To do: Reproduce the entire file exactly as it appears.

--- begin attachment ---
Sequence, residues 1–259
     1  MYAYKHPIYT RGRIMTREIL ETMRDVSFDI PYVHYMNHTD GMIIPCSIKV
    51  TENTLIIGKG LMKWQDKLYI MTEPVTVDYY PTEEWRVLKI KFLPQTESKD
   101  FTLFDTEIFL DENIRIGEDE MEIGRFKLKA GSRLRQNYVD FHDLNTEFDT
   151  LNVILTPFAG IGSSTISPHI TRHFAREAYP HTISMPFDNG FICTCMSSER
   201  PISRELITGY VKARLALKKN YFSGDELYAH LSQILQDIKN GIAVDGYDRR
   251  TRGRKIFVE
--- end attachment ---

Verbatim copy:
Sequence, residues 1–259
     1  MYAYKHPIYT RGRIMTREIL ETMRDVSFDI PYVHYMNHTD GMIIPCSIKV
    51  TENTLIIGKG LMKWQDKLYI MTEPVTVDYY PTEEWRVLKI KFLPQTESKD
   101  FTLFDTEIFL DENIRIGEDE MEIGRFKLKA GSRLRQNYVD FHDLNTEFDT
   151  LNVILTPFAG IGSSTISPHI TRHFAREAYP HTISMPFDNG FICTCMSSER
   201  PISRELITGY VKARLALKKN YFSGDELYAH LSQILQDIKN GIAVDGYDRR
   251  TRGRKIFVE